In 2012 Neider was awarded special admission by indigenous communities to attend the Universidad de Tolima (Colombia) where he earned his bachelor’s degree in International Business. He finished in the top four of his graduating class and was its only indigenous graduate. When asked how he felt about this achievement he stated, “I feel proud because in my country there are big gaps between people who have studied in the countryside and people who have studied in big cities. I come from the countryside, and I managed to do a good job and I feel proud to represent my community.” With an outstanding academic performance while earning his bachelor’s degree, Neider was awarded admission in 2015 to an esteemed program for ethnic minorities. The award offered was a scholarship for an international exchange program at the Universidade Federal de Roraima in northern Brazil. This five-month journey was “immensely enriching for me because I was able to interact with leaders of the indigenous movement of Roraima. This in turn strengthened my own cultural identity,” he recounted. “After returning to Colombia, I worked part-time to gather enough money to cover the expenses of graduate school. Furthermore, I concentrated on strengthening my leadership skills by running for and being elected student representative for the University of Tolima’s residence hall. During the time I held that position, after several round-table discussions with the university administration, our demands for decent housing conditions were finally met.”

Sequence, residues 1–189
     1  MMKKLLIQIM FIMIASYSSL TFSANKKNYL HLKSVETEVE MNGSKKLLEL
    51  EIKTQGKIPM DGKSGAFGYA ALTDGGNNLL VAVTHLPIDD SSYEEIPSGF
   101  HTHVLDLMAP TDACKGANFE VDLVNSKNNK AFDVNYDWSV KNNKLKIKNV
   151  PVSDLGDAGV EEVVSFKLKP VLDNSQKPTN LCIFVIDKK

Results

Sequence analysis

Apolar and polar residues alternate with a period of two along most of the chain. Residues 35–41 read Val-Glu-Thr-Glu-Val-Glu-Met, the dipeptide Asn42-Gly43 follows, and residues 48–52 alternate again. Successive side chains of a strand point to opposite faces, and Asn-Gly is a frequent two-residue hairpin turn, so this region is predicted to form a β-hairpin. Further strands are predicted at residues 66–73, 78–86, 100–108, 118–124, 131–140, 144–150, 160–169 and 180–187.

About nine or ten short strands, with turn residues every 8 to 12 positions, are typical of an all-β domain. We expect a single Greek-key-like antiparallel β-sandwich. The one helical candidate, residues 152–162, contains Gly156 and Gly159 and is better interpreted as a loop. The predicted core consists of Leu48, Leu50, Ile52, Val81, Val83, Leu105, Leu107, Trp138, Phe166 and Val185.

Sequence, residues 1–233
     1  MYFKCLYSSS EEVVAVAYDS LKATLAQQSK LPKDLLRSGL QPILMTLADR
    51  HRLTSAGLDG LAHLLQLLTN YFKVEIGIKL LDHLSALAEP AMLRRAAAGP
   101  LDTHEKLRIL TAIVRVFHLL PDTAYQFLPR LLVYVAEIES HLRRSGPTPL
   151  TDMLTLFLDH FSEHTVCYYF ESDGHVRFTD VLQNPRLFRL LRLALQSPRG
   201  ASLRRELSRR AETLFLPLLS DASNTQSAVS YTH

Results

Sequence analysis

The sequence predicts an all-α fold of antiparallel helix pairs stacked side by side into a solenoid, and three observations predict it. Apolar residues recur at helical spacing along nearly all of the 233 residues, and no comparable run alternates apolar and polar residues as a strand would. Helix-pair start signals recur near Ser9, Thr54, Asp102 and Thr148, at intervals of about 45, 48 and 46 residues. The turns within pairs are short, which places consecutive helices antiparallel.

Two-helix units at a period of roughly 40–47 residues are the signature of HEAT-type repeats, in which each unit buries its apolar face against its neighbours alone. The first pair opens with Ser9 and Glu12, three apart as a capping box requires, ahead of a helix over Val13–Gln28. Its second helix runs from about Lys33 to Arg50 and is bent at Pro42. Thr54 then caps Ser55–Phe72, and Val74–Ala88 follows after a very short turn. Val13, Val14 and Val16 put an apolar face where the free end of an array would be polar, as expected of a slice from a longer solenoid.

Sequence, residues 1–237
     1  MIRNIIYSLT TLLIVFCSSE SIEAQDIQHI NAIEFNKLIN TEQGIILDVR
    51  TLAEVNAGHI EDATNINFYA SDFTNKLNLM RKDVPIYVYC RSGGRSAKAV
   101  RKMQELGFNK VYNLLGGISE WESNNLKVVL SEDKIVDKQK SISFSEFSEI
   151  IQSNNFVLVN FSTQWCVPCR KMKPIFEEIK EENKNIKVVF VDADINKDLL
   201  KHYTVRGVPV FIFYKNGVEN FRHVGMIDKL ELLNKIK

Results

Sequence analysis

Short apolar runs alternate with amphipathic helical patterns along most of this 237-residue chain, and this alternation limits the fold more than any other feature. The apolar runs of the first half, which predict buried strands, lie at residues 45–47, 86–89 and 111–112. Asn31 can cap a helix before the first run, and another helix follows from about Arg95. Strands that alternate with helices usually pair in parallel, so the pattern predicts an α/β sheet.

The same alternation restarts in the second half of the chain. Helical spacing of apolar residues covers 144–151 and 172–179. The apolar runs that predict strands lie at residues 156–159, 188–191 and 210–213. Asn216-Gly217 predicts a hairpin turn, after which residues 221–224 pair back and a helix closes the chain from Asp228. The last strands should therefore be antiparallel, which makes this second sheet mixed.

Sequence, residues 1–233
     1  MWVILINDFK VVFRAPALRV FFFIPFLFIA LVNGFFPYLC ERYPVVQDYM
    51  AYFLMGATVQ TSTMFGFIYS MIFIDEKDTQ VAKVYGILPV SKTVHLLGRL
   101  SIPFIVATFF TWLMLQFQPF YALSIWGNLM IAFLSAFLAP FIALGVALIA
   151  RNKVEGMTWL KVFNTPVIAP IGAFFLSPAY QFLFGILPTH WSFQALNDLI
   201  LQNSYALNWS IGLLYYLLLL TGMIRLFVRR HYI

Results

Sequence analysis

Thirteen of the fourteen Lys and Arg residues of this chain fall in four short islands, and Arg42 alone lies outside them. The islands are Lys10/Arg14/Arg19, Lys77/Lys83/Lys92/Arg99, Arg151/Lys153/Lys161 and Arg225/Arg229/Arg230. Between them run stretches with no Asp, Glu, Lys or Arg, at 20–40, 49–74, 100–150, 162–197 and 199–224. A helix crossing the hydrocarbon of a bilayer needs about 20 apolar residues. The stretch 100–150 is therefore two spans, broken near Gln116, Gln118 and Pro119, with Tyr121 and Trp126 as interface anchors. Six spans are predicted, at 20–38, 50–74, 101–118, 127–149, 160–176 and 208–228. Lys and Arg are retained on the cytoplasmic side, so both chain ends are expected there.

Immediately after earning his bachelor’s degree, Neider returned to the Universidade Federal de Roraima in Brazil and began his master’s studies on Regional Development of the Amazon, which was fully funded thanks to a scholarship he received from the Partnerships Program for Education and Training (PAEC, in Spanish) of the Organization of American States (OAS). His case study for his thesis focused on his indigenous community which provided him with valuable scientific information on the history of Colombian indigenous peoples and the process of constitution and organization of his own community from the Pijao ethnic group, as well as an introduction to ethno-development. Neider explained how he finished his master’s degree in 2019 by completing an analysis about the historical process of socioeconomic development in his community - the Guasimal indigenous land. When asked which conclusion from his master’s thesis he is most looking forward to further exploring Neider replied, “in my community we implemented some projects that were financed by international organizations, but those projects were not sustainable at the time so I’m looking for solutions or strategies that we can implement to help the production of the community, and that can be sustainable.” He added, “through this research I was able to conclude that the current challenge of the Guasimal community is to maintain their projects in such a way that they continue generating profits, in addition to making government institutions meet the indigenous community's desire to see their currently-small-lands expanded, with the goal of expanding ethno-development projects in their territory.”